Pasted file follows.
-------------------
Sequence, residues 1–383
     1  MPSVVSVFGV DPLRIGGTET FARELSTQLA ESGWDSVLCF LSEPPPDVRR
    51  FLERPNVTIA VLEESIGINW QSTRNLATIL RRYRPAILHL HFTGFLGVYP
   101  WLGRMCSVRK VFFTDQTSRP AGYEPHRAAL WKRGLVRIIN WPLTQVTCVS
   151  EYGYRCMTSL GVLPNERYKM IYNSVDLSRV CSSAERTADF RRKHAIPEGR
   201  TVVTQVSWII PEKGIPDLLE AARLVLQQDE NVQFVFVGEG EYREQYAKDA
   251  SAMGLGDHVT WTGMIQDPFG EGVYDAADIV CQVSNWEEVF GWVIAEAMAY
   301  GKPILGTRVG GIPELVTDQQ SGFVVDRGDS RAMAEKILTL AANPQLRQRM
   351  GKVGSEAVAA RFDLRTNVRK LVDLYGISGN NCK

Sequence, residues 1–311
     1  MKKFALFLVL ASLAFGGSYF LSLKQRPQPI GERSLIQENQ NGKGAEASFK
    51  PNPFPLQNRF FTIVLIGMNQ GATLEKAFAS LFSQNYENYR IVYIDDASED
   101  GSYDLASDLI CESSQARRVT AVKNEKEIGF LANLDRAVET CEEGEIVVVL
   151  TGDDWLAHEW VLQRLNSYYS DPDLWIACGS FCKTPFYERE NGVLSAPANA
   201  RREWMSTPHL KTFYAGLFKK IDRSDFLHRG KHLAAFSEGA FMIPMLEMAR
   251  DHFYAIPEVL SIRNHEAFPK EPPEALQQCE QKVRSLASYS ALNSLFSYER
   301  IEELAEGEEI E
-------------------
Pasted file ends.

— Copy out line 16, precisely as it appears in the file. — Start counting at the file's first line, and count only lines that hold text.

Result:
   251  DHFYAIPEVL SIRNHEAFPK EPPEALQQCE QKVRSLASYS ALNSLFSYER